Not married – not protected?
A case in the news recently highlights the brutal but necessary advice that must be given to co-habitees. They must not assume that they will be treated as though they are married by the law if there are any disputes after they split up – or if one of them dies.
So called ‘toy boy’, retired architect Leonard Taylor, 72, lived with Doris Luker, who was 22 years his senior. A week before she died she gave him a cheque for £61,000.00. Then, in her Will, she also left him the house they shared, her car and £28,000.00 in cash. The rest of her estate was to be divided between two charities, the British Heart Foundation and the Cancer Research Campaign. However after Mr Taylor had taken his share there was nothing left for them. The charities (backed by the Will’s executors) took the case to Court to argue that the £61,000.00 cheque must be presumed to be a loan and repaid to the estate – unless it could be proved to be an outright gift.
On 4th November Mr Taylor lost his attempt to overturn a decision that he must repay the money, at the Court of Appeal. Lord Justice Etherton said “The law presumes, in the absence of evidence to the contrary, that the payment of money implies an obligation to repay it”. The wheelchair bound pensioner must return the money as well as facing legal costs of up £100,000.00 which means, according to his barrister, that he will lose his home.
The couple had begun their relationship in 1985 when he was 46 and she was 68. They later lived together for 15 years at her home in Hall Green, Birmingham. Mr Taylor was his partner’s sole carer for 3 years until she died in October 2003. By all accounts they enjoyed a “long term, loving, supporting relationship”. Had the couple been married, a “presumption of advancement” would have applied – which assumes that cash and property transfers between close family members are outright gifts. However because they were not married the opposite presumption (that it was a repayable loan) persuaded the judges. Mr Taylor’s barrister sought to argue that the presumption of advancement argument should not apply in a domestic context involving cohabitees but the Court of Appeal was not prepared to overturn an earlier Court’s finding that there was not enough evidence to explain the transaction away as a gift.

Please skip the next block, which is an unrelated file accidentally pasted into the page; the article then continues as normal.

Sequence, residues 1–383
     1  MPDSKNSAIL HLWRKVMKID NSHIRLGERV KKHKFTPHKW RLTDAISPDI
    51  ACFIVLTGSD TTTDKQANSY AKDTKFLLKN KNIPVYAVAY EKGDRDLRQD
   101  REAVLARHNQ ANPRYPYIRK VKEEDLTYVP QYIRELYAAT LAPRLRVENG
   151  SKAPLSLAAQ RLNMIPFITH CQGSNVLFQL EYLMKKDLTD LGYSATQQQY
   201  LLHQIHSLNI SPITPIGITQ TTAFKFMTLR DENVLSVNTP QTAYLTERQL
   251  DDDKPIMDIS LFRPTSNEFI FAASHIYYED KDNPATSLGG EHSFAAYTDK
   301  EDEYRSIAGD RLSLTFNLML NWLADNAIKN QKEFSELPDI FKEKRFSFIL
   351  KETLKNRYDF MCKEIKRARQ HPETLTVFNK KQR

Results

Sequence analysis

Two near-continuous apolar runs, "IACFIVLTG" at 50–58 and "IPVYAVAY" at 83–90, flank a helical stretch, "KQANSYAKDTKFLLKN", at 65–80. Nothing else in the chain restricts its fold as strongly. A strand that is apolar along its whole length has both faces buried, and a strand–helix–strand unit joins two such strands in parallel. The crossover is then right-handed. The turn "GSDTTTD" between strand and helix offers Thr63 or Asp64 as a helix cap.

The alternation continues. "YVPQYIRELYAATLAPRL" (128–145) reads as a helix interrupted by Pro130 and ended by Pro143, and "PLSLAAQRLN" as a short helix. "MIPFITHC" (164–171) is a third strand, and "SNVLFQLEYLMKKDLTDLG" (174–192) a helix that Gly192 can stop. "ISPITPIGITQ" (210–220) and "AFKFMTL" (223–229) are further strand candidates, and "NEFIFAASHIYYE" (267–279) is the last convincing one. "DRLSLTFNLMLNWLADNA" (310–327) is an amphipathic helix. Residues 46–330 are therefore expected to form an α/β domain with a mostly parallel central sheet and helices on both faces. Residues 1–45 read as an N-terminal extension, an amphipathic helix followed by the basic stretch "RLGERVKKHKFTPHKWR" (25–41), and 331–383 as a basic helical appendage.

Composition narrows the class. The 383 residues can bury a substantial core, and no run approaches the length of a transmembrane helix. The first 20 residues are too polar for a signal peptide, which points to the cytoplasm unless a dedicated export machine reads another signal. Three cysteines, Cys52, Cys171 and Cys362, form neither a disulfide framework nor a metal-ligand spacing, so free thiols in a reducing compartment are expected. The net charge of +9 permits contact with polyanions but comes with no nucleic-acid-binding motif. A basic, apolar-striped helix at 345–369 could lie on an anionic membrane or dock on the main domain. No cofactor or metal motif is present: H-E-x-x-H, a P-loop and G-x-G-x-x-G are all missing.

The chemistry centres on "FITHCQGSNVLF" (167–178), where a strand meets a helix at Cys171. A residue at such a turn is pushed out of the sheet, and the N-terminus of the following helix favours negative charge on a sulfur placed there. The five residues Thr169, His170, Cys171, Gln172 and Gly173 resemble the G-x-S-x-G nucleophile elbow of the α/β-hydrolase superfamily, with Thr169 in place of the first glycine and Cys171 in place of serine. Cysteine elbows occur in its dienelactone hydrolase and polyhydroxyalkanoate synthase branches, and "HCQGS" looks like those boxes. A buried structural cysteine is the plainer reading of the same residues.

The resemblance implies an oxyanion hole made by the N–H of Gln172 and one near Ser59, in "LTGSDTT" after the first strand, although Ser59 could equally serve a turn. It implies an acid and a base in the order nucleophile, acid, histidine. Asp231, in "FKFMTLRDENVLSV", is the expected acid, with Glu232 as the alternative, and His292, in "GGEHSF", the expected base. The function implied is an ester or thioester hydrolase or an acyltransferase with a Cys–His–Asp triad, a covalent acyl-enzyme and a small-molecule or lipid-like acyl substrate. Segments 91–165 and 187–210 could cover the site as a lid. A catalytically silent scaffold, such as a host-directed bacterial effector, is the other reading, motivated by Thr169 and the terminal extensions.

Although the circumstances of this case are unusual, and are unlikely to crop up on a day to day basis, it is a stark warning to cohabitees that the legal system in England and Wales does not recognise cohabitees as having the full range of rights that are enjoyed by married couples.
The myth of the common law spouse continues to cause huge legal bills, as well as uncertainty, stress and anxiety – and as this case shows it is by no means just younger people that are affected.
Ridley and Hall partner Sarah Young is an expert in contentious probate and Inheritance Act claims. She has experience of claims involving older clients and warns that couples need to think about their legal rights carefully; “in a recent case, a very elderly, infirm lady who had been living with her partner for nearly half a century was almost evicted from the home that she had shared with him (but was in his name). Her late partner’s family served her with possession proceedings immediately after his funeral. It shows how high emotions can run when someone dies. Families should never assume that their loved ones will be treated as they would like by their family after death.” Sarah has a sensitive, practical approach to cases and as a member of Solicitors for the Elderly and the Association of Contentious Trusts and Probate Specialists, has experience in helping bereaved cohabitees and others in disputes following the death of a loved one.
For further information please contact Sarah Young on 01484 538421